Adobe Photoshop Lightroom 3 – Understanding Metadata Storage

One of the highly desirable features of Lightroom is that editing is non-destructive. You can adjust, crop, retouch, and apply various settings to your images without loosing the original. However, it’s important to understand where the edit information is stored and the implications.

By default, Lightroom stores all metadata (including changes to the image) in its catalog. If you only use Lightroom on one computer and you never have any problems with your catalog, you’ll probably never notice – your changes just work. However, if you were to delete your catalog, all changes will be lost. In other words, you’ll only have your original image files. So even in simple use cases, it is critical that you back up your Lightroom catalog.

If you use more than one computer to work on your images, and use you a catalog on a portable hard drive, the same situation as above applies. However, since Lightroom will not use a catalog on a shared drive, the situation becomes more complex for those of us who share images across their network.

Lightroom, like many other photo packages, is also capable of reading and writing image metadata from image containers such as jpegs and from “sidecar” files. If you right-click on an image or folder in your library, select “Metadata” and then “Save Metadata to File”, the data will be written to either the appropriate place in the image file or an XMP file in the same directory as as the image. There is also a setting to do this automatically:  Edit > Catalog Settings > Metadata Tab and place a check in the box for “Automatically write changes into XMP”.  I strongly recommend that you turn this option on:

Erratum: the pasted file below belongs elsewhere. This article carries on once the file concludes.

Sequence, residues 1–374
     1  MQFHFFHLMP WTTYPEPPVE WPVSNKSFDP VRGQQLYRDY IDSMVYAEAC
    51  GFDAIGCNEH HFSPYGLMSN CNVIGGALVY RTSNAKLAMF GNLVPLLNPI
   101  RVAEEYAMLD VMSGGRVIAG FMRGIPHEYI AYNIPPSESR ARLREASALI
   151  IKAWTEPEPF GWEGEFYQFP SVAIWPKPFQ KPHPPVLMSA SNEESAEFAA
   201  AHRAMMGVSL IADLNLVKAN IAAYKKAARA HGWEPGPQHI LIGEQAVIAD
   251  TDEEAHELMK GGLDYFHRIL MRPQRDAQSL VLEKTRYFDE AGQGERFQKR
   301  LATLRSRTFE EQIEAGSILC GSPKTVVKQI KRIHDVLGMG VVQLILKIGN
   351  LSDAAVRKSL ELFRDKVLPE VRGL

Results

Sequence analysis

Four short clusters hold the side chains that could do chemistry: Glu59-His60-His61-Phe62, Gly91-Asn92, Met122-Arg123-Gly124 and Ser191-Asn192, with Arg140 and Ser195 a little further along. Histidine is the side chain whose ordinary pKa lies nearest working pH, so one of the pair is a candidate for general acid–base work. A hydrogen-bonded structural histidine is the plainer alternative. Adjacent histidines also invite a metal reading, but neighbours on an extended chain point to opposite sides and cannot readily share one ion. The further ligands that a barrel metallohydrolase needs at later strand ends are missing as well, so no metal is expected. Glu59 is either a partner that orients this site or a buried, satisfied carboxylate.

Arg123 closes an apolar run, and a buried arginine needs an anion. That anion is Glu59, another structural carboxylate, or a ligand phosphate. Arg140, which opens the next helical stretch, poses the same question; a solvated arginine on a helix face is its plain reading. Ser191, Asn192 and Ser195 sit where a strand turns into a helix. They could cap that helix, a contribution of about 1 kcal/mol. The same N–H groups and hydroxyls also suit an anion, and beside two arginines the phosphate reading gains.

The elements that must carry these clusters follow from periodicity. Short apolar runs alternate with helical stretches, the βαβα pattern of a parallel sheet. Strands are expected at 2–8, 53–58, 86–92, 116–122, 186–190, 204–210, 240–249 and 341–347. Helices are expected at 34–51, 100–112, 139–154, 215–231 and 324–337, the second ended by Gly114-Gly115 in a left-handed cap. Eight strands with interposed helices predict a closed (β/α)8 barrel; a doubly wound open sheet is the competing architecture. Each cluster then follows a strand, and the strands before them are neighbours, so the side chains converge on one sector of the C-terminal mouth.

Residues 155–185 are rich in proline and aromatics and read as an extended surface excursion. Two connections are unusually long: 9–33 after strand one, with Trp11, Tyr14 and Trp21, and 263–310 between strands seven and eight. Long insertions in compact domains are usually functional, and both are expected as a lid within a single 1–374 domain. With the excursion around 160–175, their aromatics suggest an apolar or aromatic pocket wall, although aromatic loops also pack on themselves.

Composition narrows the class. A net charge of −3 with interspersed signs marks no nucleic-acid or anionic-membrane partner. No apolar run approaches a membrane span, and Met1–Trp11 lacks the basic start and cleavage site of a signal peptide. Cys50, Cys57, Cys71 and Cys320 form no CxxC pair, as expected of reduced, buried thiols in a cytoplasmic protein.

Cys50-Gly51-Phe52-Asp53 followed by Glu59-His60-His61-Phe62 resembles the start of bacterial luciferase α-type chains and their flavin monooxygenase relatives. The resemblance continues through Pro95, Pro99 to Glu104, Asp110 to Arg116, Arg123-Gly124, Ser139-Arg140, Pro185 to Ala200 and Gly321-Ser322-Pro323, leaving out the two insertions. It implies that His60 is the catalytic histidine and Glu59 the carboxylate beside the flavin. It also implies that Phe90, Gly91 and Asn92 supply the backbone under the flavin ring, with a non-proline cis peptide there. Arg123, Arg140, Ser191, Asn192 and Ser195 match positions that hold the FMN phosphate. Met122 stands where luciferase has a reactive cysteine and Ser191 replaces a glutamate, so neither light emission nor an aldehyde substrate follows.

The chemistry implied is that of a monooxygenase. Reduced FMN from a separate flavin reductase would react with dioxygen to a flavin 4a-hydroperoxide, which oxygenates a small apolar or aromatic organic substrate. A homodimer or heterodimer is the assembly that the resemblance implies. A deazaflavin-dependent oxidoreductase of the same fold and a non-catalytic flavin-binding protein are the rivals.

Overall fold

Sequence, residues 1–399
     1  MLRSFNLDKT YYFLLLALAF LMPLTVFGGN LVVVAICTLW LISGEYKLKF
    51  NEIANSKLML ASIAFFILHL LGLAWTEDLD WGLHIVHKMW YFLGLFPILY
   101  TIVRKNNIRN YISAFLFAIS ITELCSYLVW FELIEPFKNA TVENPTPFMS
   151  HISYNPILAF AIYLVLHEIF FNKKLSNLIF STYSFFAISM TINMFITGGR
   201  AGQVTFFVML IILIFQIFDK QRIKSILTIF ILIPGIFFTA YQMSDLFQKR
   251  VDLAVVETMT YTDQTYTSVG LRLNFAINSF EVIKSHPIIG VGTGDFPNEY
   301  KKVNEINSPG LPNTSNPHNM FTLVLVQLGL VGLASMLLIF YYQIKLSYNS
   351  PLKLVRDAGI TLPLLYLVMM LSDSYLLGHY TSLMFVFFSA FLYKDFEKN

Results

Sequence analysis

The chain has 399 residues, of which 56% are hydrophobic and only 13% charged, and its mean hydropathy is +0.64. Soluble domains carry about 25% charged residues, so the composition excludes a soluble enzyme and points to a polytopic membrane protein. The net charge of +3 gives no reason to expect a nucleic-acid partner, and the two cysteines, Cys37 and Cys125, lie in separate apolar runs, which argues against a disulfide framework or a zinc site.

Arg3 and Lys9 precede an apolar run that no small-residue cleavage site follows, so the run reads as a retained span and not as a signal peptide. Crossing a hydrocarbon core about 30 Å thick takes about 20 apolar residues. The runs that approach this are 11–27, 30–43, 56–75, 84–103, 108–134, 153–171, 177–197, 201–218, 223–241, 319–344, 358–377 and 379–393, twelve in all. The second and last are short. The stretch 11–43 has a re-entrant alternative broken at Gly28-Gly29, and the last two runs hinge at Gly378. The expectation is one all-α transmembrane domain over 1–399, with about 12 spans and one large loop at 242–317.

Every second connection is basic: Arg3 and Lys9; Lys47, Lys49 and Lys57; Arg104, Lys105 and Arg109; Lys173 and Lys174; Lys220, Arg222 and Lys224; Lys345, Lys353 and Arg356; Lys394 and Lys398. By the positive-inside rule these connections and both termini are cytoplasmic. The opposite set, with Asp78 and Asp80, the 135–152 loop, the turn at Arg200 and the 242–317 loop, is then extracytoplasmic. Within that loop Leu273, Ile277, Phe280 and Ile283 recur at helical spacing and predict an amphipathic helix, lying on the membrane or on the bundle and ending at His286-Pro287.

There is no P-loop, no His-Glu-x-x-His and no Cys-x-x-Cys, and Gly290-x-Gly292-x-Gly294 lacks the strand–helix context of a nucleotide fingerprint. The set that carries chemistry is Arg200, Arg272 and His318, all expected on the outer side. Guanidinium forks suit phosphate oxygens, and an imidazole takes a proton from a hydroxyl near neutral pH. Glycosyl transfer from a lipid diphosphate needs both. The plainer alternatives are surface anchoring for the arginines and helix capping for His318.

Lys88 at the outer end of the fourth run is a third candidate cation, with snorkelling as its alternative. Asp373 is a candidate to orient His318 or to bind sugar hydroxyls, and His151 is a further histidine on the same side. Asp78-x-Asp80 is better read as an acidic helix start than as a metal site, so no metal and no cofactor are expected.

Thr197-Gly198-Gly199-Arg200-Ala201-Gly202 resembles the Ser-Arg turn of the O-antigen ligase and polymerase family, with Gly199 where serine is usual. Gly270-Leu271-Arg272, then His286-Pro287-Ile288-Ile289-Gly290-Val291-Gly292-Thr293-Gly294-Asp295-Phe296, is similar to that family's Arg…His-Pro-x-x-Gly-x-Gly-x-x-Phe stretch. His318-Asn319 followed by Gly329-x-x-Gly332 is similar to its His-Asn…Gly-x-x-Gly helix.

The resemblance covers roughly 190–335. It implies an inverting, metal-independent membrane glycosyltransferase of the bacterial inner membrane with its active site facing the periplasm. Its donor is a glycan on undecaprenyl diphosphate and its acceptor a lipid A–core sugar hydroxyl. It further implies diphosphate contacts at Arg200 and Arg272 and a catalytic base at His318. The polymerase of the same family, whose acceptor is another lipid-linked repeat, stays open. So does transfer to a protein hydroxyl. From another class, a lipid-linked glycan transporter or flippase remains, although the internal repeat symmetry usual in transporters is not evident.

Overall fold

1. It increases compatibility with other applications including Photoshop.
  2. If your catalog becomes corrupt, you can re-import images without loosing all your work.
  3. Assuming you backup your images, you will also back up the metadata.
  4. You can open images from another PC or import them into another Lightroom catalog and preserve all your edits.

If you’re starting to work with a second computer and haven’t turned this option on:

  1. On your primary computer, right click on the top folder in your catalog and select “Save Metadata.”  It’s going to take a while, perhaps overnight, but it will write the XMP files.
  2. Turn on “Automatically write changes into XMP.
  3. You can now create a new catalog on your second computer and import your images into the catalog. Lightroom will pick up the XMP data.  Don’t forget to turn on the “Automatically write changes into XMP” option for each new catalog.

As you’re working, you might notice an indicator in the upper right corner of an image warning you that metadata has changed on the hard drive, presumably because you edited the image on a different computer or within a different catalog. You can right click on an image (or a selection of images) under “Metadata” and select “Read Metadata from File”.  If you’d like to force Lightroom to read Metadata at the folder level, simply click on the folder, choose Metadata from the main menu at the top of the screen, and select the appropriate option.